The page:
Breweries are also experimenting with new hop strains and new combinations. They’re adding fruit and spice. They’re barrel-aging their IPAs. Dogfish Head is about to introduce Rhizing Bines as part of a promotion dubbed “A Hop Eclipse Now” that will see the brewery host more than 50 beer dinners nationwide. The new double IPA includes a hop known only as Number 644, obtained from Sierra Nevada Brewing, which adds unusual “earthy, melon-rind, tropical notes,” according to Calagione.
In March, Dogfish Head will launch still another IPA, Sixty-One, which marries hops with Syrah grape must. “It’s equal parts vinous and citrusy fruitiness,” Calagione says.
Not to be outdone, Green Flash this year will roll out six new draft-only IPAs under its “Hop Odyssey” program. A black IPA with piny hops is planned for February. Coming in August is Cedar Plank Pale Ale. The wood aging adds “a peppercorn spiciness and a tannic, dry mouth feel” that augments the hops, promises the brewery’s news release.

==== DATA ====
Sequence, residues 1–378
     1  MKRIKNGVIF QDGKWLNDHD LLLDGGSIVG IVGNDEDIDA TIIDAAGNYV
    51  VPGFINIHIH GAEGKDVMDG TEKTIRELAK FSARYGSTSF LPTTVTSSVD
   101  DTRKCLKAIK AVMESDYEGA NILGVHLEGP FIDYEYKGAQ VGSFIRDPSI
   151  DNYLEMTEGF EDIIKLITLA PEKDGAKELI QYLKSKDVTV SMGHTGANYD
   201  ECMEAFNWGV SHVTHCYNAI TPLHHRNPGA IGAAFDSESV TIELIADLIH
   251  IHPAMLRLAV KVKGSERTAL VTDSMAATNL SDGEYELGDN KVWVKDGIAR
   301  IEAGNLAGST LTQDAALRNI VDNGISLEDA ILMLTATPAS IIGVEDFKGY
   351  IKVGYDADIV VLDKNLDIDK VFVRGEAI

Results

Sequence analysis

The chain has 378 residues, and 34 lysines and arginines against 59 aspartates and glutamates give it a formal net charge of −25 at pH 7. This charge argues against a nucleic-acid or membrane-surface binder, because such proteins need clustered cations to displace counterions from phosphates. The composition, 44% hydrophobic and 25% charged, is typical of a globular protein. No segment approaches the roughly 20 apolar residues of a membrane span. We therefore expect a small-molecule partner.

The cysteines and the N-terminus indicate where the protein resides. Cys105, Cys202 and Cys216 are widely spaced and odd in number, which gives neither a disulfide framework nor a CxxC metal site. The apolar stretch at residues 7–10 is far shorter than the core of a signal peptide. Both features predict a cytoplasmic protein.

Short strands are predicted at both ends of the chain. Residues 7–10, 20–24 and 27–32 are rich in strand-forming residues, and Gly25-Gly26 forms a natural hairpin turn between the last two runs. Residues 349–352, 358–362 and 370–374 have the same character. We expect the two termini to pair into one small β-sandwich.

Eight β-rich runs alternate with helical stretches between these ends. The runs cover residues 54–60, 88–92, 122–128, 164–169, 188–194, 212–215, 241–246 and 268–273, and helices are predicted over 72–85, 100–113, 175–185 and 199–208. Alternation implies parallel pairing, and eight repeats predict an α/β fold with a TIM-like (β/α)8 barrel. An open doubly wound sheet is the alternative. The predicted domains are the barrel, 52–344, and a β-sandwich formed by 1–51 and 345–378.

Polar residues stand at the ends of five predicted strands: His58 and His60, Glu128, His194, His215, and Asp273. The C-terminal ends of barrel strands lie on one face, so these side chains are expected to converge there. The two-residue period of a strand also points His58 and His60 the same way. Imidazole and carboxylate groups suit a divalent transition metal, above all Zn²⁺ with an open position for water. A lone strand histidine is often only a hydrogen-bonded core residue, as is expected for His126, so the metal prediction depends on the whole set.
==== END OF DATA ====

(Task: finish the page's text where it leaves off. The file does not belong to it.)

Boston Beer this month will introduce Samuel Adams Double Agent IPL, an “India pale lager” that combines the fruity blast of Pacific Northwest hops (usually reserved for ales) with the smoother finish typical of lager beers.
Haphazardly elevating IBUs can create a harsh, unpleasant brew. It might also be a futile endeavor, as our sense of taste can handle only so much. Shellhammer at Oregon State can tell you the lower limits for perceiving hop bitterness: They range from about 5 IBUs to 13, depending on the individual. But he can’t peg an upper limit because the research hasn’t been done.
Silva speculates that once you get past 100 IBUs, your palate loses its ability to detect further gradations in bitterness. Steele estimates that the limit is reached somewhere between 70 and 80 IBUs.
Identifying that ceiling is important, insists Steele. Otherwise, “you reach a point where you’re wasting hops: You’re getting nothing out of them.”
Kitsock is the editor of the Mid-Atlantic Brewing News.